The Chargé in Great Britain (Atherton) to the Secretary of State

No. 607

Sir: I have the honor to refer to the Department’s instruction No. 165 of August 18, 1932 concerning the agreement concluded on October 31, 1931, between the British and French Governments with regard to the frontiers of Syria and the Jebel Druze on the one hand and Transjordan on the other. As I stated in my despatch in reply, No. 341 of September 12, 1932,8 an Aide-Mémoire containing the Department’s views8 as outlined in this instruction was given on September 12 to the Foreign Office official concerned, who stated that a full reply would be handed to the Embassy after the necessary consultation with the appropriate British officials.

There are enclosed herewith copies of a Foreign Office note No. E 6256/15/89 of January 4, 1933 on this subject, together with its enclosures, copies of the Anglo-French Convention of December 23, 1920 and of the Protocol of October 31, 1931.

As reference is made in the Foreign Office note of January 4 to the [Page 1006] Embassy’s memorandum and letter of September 12, 1932, copies of these two documents are likewise enclosed for the Department’s records.9

A copy of this despatch is being furnished to the American Embassy at Paris, as instructed.

Respectfully yours,

Ray Atherton

The British Secretary of State for Foreign Affairs (Simon) to the American Chargé (Atherton)

No. E 6256/15/89

Sir: I have the honour to inform you that His Majesty’s Government in the United Kingdom have had under their consideration the memorandum which Mr. Cox10 left at the Foreign Office on the 12th September in regard to the agreement of October 31st, 1931 between His Majesty’s Government and the French Government concerning the frontiers of Syria and the Jebel Druze on the one hand and Transjordan on the other.

The view of the United States Government appears from that memorandum to be that the frontier settlement incorporated in the Anglo-French Agreement of October 31st, 1931, involved on the part of Transjordan a change in the previously existing frontier and consequently a cession of some territory previously within Transjordan, as well as the acquisition of territory not previously part of Transjordan; that an alteration in the area of the mandated territory is to be deemed to be a modification of the terms of the mandate, and thus to come within the provisions of Article 7 of the Anglo-United States Convention of December 3rd, 1924; and that it is consequently legally inapplicable to the United States and its nationals until the United States Government shall have assented thereto.
His Majesty’s Government note with appreciation from Mr. Cox’s letter of the 12th September that the United States Government have no desire to be obstructive in the matter of the new frontier between Syria and Transjordan and will probably have no occasion to raise objections to the frontier settlement when officially informed of its nature.
His Majesty’s Government for their part do not propose to embark on a discussion of the views contained in the memorandum of September 12th, since, without prejudice to the question whether this step is legally necessary, they are fully prepared to invite the United States Government to consent to the modified frontier and indeed they desire to take this occasion to do so.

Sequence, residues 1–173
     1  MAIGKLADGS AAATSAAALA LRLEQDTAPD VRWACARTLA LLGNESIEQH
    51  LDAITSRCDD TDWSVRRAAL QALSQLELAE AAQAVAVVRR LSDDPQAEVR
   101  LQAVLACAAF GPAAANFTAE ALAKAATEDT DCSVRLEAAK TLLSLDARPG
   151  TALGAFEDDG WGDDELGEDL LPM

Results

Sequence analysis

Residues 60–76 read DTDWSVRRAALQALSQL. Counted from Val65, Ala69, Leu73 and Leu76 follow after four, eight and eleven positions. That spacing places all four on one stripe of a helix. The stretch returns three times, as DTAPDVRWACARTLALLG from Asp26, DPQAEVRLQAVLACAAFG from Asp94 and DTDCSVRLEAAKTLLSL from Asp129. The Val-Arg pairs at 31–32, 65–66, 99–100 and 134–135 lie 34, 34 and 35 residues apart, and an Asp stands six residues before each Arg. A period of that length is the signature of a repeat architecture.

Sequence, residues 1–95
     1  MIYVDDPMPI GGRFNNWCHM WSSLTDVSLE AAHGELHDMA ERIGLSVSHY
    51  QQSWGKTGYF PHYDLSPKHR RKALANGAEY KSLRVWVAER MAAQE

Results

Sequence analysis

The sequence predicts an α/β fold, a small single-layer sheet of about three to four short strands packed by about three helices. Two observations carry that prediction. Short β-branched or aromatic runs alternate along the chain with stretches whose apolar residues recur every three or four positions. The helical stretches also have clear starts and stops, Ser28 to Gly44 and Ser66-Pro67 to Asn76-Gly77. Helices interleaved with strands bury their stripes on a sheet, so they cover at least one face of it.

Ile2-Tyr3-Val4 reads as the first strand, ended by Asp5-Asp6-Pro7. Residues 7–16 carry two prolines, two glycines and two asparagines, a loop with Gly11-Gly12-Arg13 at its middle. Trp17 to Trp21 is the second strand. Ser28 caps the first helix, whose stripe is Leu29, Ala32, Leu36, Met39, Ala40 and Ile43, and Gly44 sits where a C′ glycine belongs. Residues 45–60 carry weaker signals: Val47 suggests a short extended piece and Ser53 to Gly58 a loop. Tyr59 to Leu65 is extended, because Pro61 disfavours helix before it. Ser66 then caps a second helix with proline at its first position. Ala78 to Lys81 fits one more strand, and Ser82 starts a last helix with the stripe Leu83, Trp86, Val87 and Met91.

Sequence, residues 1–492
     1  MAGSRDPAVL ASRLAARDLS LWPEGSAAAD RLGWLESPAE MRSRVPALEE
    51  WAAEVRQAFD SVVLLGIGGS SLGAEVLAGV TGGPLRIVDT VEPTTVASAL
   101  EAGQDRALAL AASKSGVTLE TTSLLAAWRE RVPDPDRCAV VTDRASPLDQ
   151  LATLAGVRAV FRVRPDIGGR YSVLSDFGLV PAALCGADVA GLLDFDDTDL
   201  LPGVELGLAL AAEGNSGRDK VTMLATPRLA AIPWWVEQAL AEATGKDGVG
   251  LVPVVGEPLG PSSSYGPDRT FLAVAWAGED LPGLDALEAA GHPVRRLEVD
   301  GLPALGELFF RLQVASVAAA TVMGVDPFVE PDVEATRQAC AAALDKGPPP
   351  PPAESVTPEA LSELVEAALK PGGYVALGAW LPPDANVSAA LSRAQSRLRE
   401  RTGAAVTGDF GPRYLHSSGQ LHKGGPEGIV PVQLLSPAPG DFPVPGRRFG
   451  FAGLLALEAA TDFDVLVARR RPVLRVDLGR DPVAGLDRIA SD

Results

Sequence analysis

The frontier between the British and French mandated territories in the Middle East was laid down in the Anglo-French Convention of December 23rd, 1920, a convention concluded before the date of the Mandate for Palestine. For various reasons it proved impossible to delimit or adopt in practice the line between Syria and Transjordan as therein defined. In 1931, however, His Majesty’s Government and the French Government agreed, subject to the approval of the Council of the League of Nations, upon a modified line to be delimited upon the ground by a Commission such as is provided for in Article 2 of the 1920 Convention. This agreement was embodied in a Protocol, signed by the High Commissioner of the French Republic in Syria and by the High Commissioner for Iraq, who had been entrusted by His Majesty’s Government in the United Kingdom with the conduct of these negotiations, on October 31st, 1931. This Protocol was in due course submitted to the Council of the League of Nations by His Majesty’s Government and the French Government. The slight modifications which the Protocol introduced into the frontier, as laid down in the 1920 Convention, were, in the words of the Rapporteur to the Council of the League of Nations, “inspired by the desire not to disturb the populations in the exercise of their rights and customs, to increase security by facilitating administration, and to ensure, in the present and in the future, the security of the vital communications between Iraq and Transjordan towards the Mediterranean”. The agreement was approved by the Council of the League on January 30th last, as one which the Council had “every reason to believe to be in the interests of the populations under mandate”.
Copies of the Anglo-French Convention of December 23rd 1920, and of the Protocol of October 31st, 1931, to which reference has been made above, are enclosed herein.

I have the honour [etc.]

For the Secretary of State:
G. W. Rendel
  1. Not printed.
  2. Not printed.
  3. Neither printed.
  4. First Secretary of Embassy in Great Britain.